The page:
If you mention to folks that you work with middle school kids, you will likely get one of two responses, a groan, or an assumption that you are a saint. As Wydlife folks, we get a bad rap as the JV of Yl, or the arm pit of the mission, and largely it is because of the company that we keep. Our culture does not take middle school kids seriously. Here are some words to describe middle school kids – impossible, immature, no filter, talks over everyone, rude, not just self-centered but self-absorbed, loud, obnoxious.
Our culture does not take middle school kids seriously, but we do. As leaders, we know that if we take the heart of a middle kid seriously they will give us great influence over their lives! Here are some insights into taking the heart of a middle school kid seriously:
We are learning more and more that we need to take their brains seriously – they are not crazy, and it’s not just a bunch of wacky hormones making them act like that. They are not just immature adult brains, they are actually wired for a very important task –breaking away, becoming independent, leaving home. And leaving home takes a lot of openness and risk, and this is exactly what their brains are wired for. They are wired for quick learning, openness and risk. The prefrontal cortex is under a huge remodel and has not fully developed yet. This part of the brain is like a governor that helps pull all the other parts together, but in young adolescence it is still in process, so many kids do not yet have great capacity to be reflective or insightful. One brain researcher * claims it is the most dangerous times in our lives. We take their brains seriously when we aim tokeep our message and ministry right now, right here, right about them. In many ways, they can’t relate to us and our experiences, but since we have journeyed through that season, we can relate them. Remember your own experience of middle school, and use it to understand. While a lot has changed, each and every one of us still has to journey through puberty, that season where you feel like your wear your nerve endings on the outside of your skin and what everyone else thinks REALLY DOES MATTER! Don’t ask them to relate to you, work to relate to them, take them as they are.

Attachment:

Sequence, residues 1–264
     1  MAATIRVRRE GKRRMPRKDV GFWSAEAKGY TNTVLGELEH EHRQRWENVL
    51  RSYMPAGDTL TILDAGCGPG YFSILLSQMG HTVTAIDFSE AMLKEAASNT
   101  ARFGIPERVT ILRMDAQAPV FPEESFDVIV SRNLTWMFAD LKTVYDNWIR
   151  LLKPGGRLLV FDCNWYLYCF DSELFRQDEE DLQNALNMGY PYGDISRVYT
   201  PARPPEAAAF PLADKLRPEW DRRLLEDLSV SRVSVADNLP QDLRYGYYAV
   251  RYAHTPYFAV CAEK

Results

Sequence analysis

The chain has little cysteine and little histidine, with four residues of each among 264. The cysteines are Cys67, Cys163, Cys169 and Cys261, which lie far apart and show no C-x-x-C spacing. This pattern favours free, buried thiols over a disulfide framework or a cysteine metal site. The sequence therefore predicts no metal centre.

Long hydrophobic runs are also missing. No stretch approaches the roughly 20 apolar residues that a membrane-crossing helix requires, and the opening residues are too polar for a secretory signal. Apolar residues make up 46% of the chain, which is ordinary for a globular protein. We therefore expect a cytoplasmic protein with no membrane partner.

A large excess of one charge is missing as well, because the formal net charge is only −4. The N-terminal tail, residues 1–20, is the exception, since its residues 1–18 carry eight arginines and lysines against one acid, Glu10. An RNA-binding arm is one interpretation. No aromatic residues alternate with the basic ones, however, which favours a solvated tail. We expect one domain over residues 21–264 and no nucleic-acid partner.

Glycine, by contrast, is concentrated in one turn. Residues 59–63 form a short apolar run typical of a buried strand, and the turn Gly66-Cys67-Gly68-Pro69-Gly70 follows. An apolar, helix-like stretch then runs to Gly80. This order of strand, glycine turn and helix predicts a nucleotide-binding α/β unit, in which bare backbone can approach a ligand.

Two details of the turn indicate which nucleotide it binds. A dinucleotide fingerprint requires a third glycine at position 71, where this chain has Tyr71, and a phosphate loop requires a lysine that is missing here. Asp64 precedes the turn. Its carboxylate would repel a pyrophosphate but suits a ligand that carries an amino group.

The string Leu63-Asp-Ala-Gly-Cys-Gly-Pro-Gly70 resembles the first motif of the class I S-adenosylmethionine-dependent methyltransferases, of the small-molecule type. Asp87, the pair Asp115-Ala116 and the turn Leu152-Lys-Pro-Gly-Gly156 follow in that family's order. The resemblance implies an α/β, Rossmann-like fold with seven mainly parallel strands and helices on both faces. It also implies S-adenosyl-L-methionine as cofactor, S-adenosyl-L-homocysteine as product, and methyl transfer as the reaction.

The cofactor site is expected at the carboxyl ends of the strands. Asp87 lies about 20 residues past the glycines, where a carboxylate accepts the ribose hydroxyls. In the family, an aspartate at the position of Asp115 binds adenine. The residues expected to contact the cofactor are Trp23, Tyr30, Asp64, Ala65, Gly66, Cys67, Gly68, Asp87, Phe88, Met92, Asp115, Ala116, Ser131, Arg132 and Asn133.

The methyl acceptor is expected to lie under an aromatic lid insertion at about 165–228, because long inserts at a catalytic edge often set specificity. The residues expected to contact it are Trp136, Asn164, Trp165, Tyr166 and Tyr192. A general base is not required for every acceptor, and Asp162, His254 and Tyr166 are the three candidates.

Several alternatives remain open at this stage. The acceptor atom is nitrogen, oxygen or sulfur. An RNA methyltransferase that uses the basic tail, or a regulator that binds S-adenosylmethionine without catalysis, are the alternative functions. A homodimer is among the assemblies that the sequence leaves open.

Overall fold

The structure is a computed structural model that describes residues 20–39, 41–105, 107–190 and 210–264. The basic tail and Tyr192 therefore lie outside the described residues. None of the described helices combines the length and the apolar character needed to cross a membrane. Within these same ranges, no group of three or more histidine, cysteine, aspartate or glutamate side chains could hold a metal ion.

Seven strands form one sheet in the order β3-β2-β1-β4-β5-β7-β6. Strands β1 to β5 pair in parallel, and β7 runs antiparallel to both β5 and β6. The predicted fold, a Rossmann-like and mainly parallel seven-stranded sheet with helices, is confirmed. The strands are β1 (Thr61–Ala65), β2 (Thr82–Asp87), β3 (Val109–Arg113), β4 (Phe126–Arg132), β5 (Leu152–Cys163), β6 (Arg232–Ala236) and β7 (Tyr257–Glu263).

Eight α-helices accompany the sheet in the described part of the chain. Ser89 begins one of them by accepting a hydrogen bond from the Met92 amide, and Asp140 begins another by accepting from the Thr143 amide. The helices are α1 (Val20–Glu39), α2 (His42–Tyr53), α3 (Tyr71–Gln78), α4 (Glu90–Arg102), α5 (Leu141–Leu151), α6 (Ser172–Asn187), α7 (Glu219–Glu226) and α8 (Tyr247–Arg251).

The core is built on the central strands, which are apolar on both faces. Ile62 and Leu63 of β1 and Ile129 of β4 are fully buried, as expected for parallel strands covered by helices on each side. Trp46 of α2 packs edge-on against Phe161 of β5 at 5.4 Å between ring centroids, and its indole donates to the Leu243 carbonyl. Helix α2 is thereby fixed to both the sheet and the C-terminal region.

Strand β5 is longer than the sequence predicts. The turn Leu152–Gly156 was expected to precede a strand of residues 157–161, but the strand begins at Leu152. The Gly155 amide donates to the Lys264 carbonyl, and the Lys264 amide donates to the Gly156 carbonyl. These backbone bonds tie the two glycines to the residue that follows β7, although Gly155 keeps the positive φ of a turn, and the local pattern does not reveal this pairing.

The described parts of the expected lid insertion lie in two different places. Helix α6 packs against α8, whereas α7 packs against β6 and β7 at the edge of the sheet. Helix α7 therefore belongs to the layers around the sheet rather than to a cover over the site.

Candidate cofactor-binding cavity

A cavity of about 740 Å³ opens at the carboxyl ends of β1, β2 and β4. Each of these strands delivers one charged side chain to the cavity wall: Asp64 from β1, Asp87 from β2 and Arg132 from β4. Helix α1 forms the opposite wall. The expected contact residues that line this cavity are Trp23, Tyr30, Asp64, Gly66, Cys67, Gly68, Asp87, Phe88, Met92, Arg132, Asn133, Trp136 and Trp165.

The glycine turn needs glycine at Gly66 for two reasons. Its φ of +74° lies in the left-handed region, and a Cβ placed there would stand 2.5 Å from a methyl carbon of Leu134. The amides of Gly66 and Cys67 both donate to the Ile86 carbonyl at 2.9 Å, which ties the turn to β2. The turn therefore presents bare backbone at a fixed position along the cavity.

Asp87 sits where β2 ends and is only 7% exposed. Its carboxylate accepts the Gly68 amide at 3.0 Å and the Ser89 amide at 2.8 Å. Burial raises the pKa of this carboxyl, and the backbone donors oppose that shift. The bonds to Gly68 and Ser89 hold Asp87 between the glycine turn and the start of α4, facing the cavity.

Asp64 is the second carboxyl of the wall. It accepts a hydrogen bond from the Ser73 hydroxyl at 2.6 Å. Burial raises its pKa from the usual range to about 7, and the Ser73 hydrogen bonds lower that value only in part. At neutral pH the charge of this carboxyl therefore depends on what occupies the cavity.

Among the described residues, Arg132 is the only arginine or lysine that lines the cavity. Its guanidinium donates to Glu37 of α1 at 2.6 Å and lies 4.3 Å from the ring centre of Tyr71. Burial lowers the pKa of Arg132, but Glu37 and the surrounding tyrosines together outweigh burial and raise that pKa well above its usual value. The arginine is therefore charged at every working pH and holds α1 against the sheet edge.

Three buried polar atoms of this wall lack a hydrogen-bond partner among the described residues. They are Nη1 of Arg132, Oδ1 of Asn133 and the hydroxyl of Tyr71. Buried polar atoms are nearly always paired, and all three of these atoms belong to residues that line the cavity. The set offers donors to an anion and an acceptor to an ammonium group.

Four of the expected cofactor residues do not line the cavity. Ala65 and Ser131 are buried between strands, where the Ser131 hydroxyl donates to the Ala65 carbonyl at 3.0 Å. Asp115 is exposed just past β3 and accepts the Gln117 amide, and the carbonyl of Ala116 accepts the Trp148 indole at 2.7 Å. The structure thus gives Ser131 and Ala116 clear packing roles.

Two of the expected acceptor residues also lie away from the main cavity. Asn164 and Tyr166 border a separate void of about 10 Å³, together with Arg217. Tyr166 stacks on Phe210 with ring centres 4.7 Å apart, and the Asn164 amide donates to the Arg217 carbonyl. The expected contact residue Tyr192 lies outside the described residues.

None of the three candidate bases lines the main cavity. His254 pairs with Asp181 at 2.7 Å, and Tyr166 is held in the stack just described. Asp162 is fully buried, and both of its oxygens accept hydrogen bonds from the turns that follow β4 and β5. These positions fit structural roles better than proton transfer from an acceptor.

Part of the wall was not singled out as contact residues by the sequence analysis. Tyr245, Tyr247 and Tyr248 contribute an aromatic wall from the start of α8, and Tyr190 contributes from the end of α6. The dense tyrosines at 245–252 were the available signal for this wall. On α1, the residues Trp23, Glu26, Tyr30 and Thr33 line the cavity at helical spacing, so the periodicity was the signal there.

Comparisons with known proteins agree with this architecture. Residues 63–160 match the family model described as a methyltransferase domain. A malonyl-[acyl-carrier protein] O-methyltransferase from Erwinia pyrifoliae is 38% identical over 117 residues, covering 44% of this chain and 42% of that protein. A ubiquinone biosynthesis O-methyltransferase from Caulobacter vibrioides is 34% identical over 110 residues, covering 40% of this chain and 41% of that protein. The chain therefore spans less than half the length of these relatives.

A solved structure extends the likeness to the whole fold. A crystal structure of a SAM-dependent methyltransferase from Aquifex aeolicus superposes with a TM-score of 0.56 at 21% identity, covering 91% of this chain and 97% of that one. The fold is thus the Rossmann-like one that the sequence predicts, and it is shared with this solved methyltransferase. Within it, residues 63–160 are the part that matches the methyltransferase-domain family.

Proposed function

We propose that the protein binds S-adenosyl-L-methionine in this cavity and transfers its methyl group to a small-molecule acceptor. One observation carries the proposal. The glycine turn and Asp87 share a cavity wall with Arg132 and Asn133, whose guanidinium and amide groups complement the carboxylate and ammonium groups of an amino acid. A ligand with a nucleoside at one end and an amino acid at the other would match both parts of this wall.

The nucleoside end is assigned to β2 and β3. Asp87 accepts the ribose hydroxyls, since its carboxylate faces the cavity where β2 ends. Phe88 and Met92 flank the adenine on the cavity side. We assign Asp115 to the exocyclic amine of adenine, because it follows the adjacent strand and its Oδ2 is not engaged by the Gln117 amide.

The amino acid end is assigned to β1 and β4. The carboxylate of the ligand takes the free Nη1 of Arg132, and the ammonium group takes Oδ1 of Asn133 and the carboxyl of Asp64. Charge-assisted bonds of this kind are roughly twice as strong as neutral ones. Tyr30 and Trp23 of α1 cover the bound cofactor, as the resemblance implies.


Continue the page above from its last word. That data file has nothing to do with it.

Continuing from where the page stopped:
Here is another important aspect of their brains, they are keeping what they need, and shedding what they don’t. What doesn’t get repeated or used gets sifted out. We don’t want the gospel, the love story of Jesus to be sifted out. We want to massage it in, with repetition, with relationship. It is an incredibly fertile, open and important season to be in the life of middle school kids. You can take a 13 year old who says they are an atheist to camp, and they will take in what they hear and may leave considering or even following Jesus. That won't happen with a 17 year old.
Wealso need to take their faith journey seriously. They are at best in a "parade" * phase of faith, where faith is associated with the group/club, or family, and we are trying to tee them up for individual faith which for some may come a few years later. Give them a solid parade to take part in, our club, our campaigners, our friendships, even and especially our family. So many kids, so many kids, so many kids are growing up with very little family or parent support; Our families can be a witness. Let them experience our families as part of the parade of faith for their lives.
Dream up ways as a team to take middle school kids seriously. If you take a ms kid seriously, they will give you great influence in their lives. They are more open than at any other time in their life. They are once in a lifetime!
*referenced in this article Brainstorm byDan Siegel and Evangelization and Justice by John Walsh